Minister of Health, Dr. Osagie Ehanire has said that over one billion people worldwide; representing more than 30% of the adult population are living with hypertension.
The Minister who was represented by the Director of Public health in the ministry, Dr. Alex Okoh disclosed this on Wednesday, May 17, 2023 at the commemoration of this year’s World Hypertension Day in Abuja.
Ehanire informed that, Hypertension is the leading cardiovascular disease and Non-Communicable Disease (NCDs) and is responsible for significant morbidity and mortality, with the low-and-middle-income countries responsible for nearly 80% of the global cardiovascular disease burden.
“Globally, more than 1 billion people worldwide are living with hypertension and this represents more than 30% of the adult population, of this number only 52% are aware of their condition while about 35% are on treatment and less than 14% have the blood pressure control”, he said.
He further expressed concern over the burden of hypertension that is disproportionately more in the low and middle-income countries in the decades due to the prevalence of risk factors such as tobacco use, physical inactivity, unhealthy diet, and harmful alcohol consumption.
“It is important to note that public awareness creation, education, routine screening at every opportunity, early detection and diagnosis, counseling and prompt provision of standard treatment and care are essential element for hypertension control otherwise hypertension can lead to fatal complications such as heart disease, heart failure, stroke, blindness, chronic kidney failure, dementia, e.t.c”, the Minister said.
In her message to commemorate the 2023 World Hypertension Day, the World Health Organization (WHO) Regional Director for Africa, Dr. Matshidiso Moeti said that in the African region, close to 40% of adults aged 30-79 years were hypertensive and only a quarter of these were on medications while optimal blood pressure control was only attained in 11% of patients on medication.
Moeti said people with hypertension will not have any specific signs or symptoms directly attributed to the condition.
“Symptoms are usually foreboding of damage on specific organs in the body including the heart, brain, eyes and kidneys resulting from poor control”, She explained.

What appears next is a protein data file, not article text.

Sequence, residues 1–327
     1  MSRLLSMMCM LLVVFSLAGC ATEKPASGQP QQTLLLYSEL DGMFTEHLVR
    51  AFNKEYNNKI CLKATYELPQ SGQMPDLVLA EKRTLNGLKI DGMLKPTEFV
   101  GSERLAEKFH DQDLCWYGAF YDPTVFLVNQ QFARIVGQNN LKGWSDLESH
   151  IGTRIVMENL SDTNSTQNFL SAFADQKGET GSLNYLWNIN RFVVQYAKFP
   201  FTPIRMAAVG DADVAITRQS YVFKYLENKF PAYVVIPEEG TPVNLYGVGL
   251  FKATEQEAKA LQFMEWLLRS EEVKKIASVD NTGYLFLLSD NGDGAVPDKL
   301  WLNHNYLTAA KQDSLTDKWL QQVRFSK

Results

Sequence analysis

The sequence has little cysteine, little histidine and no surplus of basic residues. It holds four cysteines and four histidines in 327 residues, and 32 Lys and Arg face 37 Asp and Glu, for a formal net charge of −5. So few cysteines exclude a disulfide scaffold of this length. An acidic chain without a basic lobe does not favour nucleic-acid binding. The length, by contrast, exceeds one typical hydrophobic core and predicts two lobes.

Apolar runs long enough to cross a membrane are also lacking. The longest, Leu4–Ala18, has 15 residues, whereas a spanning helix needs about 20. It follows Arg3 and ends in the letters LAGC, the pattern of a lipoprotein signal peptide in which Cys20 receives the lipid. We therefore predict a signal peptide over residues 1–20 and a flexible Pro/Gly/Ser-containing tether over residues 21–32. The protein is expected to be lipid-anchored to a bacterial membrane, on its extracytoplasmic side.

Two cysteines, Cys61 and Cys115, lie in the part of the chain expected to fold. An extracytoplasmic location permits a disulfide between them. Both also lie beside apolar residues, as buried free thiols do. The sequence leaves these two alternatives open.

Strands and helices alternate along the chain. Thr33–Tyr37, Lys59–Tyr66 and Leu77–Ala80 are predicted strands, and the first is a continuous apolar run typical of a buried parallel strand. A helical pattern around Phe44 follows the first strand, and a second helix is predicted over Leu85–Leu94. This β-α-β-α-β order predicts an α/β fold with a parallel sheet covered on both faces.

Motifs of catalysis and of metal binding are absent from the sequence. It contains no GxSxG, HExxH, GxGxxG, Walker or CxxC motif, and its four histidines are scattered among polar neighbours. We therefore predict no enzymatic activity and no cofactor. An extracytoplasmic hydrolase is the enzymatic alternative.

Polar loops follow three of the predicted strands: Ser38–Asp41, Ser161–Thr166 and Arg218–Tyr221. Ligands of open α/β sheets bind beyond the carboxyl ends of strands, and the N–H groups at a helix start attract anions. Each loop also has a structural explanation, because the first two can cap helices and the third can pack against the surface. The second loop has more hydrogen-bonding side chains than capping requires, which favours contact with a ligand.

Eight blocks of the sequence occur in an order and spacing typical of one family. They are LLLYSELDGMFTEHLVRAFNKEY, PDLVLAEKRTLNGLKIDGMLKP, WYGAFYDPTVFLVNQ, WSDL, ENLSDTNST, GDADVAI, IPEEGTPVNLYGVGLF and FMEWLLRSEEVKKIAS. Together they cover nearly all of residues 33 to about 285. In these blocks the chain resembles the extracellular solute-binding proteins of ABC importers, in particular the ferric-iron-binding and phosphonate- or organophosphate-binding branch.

The Health Expert said that Hypertension was an important risk factor for cardiovascular diseases (CVDs) mostly heart attack, stroke, and heart failure which account for a significant burden of premature mortality from NCDs.
“Every year, the global community commemorates the World Hypertension Day on the 17th of May. This year, the theme is Measure Your Blood Pressure Accurately, Control It, Live Longer. “This is aimed at drawing attention to combatting the low level of awareness of hypertension as well as the limited availability of calibrated devices for accurate blood pressure measurement.
“Hypertension is easy to diagnose and there are safe and cost-effective treatment including pharmacologic and behavior change interventions”, she said.
Moeti stated that, WHO had prioritised decentralized management and care for NCDs including management of hypertension, using the WHO Package of Essential Noncommunicable disease interventions for primary healthcare.
“We need to regularly check our blood pressure and incase it is raised, adhere to medications as prescribed by the health provider. We can fight hypertension and the responsibility starts with us as individuals and as communities, taking control of our health and well-being. We need to adopt healthy lifestyles such as reducing salt intake, increasing portions of fruits and vegetables consumption, increasing physical activity, and avoiding tobacco and excessive alcohol consumption”, she advised.
Moeti however called on governments in Africa to lead the way by implementing their commitments through policies and programs that address the root causes of hypertension, promote healthy environments, and improve access to healthcare services.
“This will require a significant investment in healthcare infrastructure, training of healthcare workers, and increasing access to affordable medications. Early detection through routine screening at all health service delivery levels is important and calibrated and validated blood pressure measuring devices should be available in all health facilities.”
Similarly, WHO Representative in Nigeria, Dr. Walter Kazadi Mulombo who was represented by the Technical Officer, Non Communicable Disease, WHO Nigeria, Dr. Mary Dewan stated that Since 2005, the World Hypertension Day has been commemorated every year on the 17
th of May.
Mulombo informed that the day was aimed at raising awareness and promoting hypertension prevention, ensuring early detection and prompt treatment:
“The theme is a reminder that hypertension, termed a ‘silent killer’ can be prevented or controlled when individuals adopt healthy lifestyles as well as measure and track their numbers consistently.
“I would like to remind us all that hypertension continues to remain a serious public health concern with a profound impact on all, as it is a major cause of premature death worldwide.
“There’s the need to remind us all, our families and our communities on the need to measure our blood pressures accurately and regularly, ensure it is controlled so that we all live”, he said.
On the contribution of WHO in curbing hypertension in Nigeria, Mulombo stated that, WHO had supported the Federal Ministry of Health in collaboration with the FCT Health and Human Services Secretariat to pilot the Nigeria-Package of Essential Non-communicable Disease Interventions (Nigeria – PEN).
He further stated that, “we are currently working with the Federal Ministry of Health and other key partners, to support the conduct of STEPs survey which will provide data on NCDs and risk factors including hypertension”.